Colors on the canvas heal anxiety, depression and PTSD

Phil Briggs
September 18, 2018 - 2:17 pm

Phetkhamyath

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Modern science is constantly finding new and innovative ways to treat the visible wounds of service members and veterans.

But, the psychiatric professionals at Walter Reed National Military Medical Center (WRNMMC), may be proving ancient methods are the best way to treat the invisible wounds of psychological trauma: art therapy.

“Using art allows our patients to communicate without words," said Mallory Van Fossen, Art Therapy Director at Walter Reed.

Though it may sound impossible to sort through feelings and emotions without discussion, using art is proving to be one of the most effective ways to heal. “Whether it’s drawing or painting, art of any kind uses a completely different part of the brain.” Van Fossen said. “And this allows them to express feelings and emotions they may not even have words for.”

Briggs

However, Van Fossen explained that uncovering the right words is not as simple as just drawing memories.  “I don’t ask patients draw what’s bothering them.  But, I may ask them to draw a feeling or an emotion … like relaxation or anger, if those were places what would they look like?”

WRNMMC

Above: A multi media piece created by a recent art therapy patient at WRNMMC.

“That was when art therapy took ahold of me,” explained Navy Chief Petty Officer Khamvah Phetkhamyath.  The Laotion native explained how a sexual trauma led to depression, anxiety and PTSD. Her recovery plan had included both Transcranial Magnetic Stimulation (TMS) and medication therapies.  But when she began Van Fossen’s Art Therapy group sessions, the impact was immediate. “It opened up emotions inside that I had been keeping in the dark abyss,” said Phetkhamyath. “I started using the color black to express the anger, the fear and the hatred.   I used black in everything … then I just started to cry,  because, I didn’t have to express it in words, I could finally express it in the color I was feeling,”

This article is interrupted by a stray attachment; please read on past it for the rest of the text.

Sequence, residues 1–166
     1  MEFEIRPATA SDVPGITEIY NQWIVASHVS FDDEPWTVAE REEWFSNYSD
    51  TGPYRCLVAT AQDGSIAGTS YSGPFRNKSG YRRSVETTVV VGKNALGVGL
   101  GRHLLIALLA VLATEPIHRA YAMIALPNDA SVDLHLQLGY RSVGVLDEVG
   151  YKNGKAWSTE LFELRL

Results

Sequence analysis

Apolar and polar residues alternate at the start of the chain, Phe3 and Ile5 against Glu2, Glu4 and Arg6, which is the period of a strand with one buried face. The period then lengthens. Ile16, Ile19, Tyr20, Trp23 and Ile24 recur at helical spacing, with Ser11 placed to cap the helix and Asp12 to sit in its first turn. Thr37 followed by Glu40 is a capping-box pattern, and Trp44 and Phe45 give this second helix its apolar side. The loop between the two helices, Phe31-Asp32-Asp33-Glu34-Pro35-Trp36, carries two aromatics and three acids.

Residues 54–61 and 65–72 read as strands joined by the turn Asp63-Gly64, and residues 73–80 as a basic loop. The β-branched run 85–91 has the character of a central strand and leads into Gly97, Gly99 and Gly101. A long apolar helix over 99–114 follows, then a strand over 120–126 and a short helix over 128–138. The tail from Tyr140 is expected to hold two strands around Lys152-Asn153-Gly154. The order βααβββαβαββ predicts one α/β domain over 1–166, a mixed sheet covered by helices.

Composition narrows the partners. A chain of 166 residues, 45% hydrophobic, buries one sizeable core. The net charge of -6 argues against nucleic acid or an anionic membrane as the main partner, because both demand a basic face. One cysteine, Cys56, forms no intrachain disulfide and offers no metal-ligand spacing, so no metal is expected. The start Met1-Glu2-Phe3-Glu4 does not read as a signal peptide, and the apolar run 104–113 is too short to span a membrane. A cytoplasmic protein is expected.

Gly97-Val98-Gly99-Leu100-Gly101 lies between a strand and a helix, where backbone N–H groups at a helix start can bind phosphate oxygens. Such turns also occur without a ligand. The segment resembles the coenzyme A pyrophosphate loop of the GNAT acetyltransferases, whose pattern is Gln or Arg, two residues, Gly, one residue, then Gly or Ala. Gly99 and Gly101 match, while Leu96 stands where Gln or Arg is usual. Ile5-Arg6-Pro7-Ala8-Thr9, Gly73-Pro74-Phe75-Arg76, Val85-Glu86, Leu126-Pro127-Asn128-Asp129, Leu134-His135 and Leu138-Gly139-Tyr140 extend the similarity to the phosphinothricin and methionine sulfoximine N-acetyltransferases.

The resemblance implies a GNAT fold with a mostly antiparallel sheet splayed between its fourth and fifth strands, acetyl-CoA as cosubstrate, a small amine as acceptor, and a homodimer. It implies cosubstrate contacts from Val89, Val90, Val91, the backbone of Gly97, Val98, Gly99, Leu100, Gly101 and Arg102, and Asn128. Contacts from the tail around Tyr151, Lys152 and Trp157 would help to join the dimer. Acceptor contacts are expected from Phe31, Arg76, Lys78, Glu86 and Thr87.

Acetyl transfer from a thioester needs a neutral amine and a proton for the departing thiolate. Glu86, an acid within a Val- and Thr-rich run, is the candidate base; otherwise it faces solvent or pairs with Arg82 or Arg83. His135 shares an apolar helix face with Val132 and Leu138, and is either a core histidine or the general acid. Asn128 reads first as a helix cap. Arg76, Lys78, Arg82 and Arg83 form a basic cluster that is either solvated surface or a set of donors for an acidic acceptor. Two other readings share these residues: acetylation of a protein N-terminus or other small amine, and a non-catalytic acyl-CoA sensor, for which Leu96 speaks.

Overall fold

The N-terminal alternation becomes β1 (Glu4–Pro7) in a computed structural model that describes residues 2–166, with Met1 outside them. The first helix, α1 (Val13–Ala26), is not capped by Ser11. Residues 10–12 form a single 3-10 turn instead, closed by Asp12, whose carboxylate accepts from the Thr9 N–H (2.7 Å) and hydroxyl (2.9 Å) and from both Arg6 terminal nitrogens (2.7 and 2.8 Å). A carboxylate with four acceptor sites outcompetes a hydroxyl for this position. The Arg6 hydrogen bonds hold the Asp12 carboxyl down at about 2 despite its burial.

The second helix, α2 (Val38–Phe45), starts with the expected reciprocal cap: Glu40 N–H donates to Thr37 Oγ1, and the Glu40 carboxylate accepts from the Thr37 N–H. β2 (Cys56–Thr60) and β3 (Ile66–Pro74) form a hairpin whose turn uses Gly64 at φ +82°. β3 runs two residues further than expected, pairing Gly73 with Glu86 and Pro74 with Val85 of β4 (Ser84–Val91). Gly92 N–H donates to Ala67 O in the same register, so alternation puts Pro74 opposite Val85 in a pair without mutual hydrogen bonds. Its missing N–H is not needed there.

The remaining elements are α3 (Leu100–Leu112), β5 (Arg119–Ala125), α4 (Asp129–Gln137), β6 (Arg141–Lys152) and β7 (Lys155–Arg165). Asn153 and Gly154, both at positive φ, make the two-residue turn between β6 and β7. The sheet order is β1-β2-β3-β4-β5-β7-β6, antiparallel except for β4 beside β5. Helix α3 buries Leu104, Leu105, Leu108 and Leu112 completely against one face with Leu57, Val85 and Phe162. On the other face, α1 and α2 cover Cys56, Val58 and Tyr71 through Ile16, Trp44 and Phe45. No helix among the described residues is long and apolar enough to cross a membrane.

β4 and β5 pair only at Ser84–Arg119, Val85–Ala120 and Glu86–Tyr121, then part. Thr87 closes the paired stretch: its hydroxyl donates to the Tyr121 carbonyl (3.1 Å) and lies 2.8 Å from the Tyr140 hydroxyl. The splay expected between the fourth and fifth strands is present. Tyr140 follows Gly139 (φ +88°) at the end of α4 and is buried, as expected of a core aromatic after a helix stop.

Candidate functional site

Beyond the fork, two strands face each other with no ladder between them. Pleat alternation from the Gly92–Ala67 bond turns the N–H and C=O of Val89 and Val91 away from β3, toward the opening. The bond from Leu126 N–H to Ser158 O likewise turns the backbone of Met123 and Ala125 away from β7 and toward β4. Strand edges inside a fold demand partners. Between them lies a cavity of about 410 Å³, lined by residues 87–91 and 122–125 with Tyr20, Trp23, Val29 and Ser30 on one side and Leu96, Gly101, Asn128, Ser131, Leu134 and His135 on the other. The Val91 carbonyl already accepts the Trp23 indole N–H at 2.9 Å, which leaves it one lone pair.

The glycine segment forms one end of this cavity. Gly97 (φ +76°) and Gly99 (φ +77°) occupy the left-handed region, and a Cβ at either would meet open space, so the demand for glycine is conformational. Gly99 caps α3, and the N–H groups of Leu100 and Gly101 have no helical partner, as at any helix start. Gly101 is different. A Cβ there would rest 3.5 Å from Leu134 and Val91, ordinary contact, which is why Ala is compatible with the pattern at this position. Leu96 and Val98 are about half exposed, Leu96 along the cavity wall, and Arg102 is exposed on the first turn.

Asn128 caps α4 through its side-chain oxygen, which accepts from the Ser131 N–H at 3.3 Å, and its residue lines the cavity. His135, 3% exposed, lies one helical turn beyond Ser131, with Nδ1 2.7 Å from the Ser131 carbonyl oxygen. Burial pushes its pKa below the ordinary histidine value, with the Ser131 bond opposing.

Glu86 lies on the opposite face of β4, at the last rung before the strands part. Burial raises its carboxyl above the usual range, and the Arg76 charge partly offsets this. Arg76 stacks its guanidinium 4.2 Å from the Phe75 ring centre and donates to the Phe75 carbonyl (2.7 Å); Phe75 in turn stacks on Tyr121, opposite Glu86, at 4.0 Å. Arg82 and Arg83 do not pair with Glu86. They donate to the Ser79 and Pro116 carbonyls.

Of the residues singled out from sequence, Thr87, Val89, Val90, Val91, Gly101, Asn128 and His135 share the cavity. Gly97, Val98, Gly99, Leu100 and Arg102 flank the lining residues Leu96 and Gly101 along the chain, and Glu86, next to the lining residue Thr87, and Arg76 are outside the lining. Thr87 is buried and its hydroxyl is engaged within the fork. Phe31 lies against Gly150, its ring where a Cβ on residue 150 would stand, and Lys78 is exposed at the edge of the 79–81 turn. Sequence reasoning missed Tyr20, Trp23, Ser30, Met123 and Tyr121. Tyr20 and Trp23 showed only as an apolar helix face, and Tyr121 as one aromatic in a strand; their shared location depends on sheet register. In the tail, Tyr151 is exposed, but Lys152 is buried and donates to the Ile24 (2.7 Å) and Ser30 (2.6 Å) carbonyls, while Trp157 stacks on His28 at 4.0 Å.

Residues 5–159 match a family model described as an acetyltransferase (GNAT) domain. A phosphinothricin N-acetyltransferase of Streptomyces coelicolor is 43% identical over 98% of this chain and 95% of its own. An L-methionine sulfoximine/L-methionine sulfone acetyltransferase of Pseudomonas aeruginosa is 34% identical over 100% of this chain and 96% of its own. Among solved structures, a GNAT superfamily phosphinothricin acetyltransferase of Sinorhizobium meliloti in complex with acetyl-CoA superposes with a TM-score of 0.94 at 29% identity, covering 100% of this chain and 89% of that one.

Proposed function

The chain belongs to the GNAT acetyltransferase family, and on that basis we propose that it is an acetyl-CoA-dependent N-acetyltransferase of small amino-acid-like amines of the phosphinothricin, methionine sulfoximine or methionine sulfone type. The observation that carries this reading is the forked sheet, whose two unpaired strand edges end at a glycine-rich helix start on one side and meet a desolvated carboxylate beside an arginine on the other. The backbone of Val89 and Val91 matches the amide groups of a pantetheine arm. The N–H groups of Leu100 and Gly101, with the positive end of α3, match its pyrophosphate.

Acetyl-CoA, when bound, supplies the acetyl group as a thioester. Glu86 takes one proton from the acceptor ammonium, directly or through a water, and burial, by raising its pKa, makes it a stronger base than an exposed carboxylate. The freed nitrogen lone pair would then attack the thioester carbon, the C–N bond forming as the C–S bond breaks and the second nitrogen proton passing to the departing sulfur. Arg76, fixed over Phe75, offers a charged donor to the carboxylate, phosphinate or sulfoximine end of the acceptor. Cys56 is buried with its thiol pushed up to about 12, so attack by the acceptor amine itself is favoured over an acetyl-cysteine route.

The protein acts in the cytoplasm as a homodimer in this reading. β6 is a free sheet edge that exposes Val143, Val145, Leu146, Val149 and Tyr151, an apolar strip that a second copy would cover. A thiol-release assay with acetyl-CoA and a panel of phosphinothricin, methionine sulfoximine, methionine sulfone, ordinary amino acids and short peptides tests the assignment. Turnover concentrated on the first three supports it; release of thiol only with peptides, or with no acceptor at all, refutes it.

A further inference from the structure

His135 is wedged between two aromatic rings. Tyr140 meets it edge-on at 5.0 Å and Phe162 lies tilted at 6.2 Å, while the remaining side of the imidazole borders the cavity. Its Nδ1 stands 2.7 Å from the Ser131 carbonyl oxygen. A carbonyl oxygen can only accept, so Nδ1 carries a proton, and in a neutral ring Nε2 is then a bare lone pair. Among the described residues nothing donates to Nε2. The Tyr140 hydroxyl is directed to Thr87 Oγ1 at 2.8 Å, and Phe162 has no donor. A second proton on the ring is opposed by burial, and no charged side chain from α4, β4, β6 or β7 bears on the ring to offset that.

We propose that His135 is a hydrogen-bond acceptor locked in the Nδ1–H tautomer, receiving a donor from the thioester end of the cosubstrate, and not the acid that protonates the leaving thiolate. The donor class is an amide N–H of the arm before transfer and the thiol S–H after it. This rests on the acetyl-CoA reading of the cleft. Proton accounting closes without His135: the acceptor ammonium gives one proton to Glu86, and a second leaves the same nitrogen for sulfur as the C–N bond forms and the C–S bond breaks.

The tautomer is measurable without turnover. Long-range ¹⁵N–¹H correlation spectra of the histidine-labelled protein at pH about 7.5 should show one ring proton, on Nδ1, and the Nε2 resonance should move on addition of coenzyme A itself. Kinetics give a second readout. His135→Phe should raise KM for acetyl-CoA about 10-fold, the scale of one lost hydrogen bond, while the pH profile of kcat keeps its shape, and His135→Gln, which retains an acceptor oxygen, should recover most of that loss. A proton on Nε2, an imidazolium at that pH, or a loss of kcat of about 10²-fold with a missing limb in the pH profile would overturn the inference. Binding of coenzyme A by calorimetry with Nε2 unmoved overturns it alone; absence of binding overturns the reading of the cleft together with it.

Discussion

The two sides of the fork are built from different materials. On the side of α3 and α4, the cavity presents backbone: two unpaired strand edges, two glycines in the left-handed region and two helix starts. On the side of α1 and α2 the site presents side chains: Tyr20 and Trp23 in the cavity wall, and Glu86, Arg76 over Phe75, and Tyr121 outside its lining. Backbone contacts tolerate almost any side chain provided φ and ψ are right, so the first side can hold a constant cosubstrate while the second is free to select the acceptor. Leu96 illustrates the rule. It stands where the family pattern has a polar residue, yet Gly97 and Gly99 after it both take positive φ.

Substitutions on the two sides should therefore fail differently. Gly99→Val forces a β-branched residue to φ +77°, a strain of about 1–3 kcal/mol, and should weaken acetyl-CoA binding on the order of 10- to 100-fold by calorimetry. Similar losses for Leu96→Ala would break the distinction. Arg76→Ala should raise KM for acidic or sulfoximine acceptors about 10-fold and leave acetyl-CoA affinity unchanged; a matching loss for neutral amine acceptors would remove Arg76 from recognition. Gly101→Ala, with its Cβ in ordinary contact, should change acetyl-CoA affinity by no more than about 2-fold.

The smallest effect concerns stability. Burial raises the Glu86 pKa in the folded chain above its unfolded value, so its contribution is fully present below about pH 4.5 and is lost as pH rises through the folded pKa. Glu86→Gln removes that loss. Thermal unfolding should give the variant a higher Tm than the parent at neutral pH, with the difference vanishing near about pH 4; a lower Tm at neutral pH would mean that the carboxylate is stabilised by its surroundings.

Phetkhamyath

Above: One of Chief Phetkhamyath's first works entitled, "You Destroyed Me"

Some of the pictures hanging on the walls in Van Fossen’s office stand in contrast to the pain her patients work through.  They’re everything from brightly colored abstracts to warm landscapes.  She described them as some of her favorite parts of the program.  “When you begin to see their work change over time, you realize they are processing their trauma … and the brain is able to change the things associated with certain memories.”

“Towards the end of the program the colors started to change for me,” said Phetkhamyath.  "I could see that it was going from black and red, to more beautiful colors. I was using rainbows.  And emotionally I was feeling good.  My soul was at ease about things.  Can I say that art therapy saved my life?  I can say that it saved the part of me that needed saving, and it allows me to now see things in a different light.”

Phetkhamyath

Above: An image Chief Phetkhamyath created called "Brighter Future". 

At the conclusion of art therapy, Phetkhamyath described a guided meditation, where she was asked to draw the advice she would receive from her an older and wiser version of herself. “She told me I was loved, courageous and always going to be strong,” explained the Navy Chief.  She went on to describe how she channeled those words into a final picture, “The picture is a path. With beautiful fall colors everywhere … and I keep it in my study because it reminds me,  that I’m always on that path.”

Phetkhamyath

 

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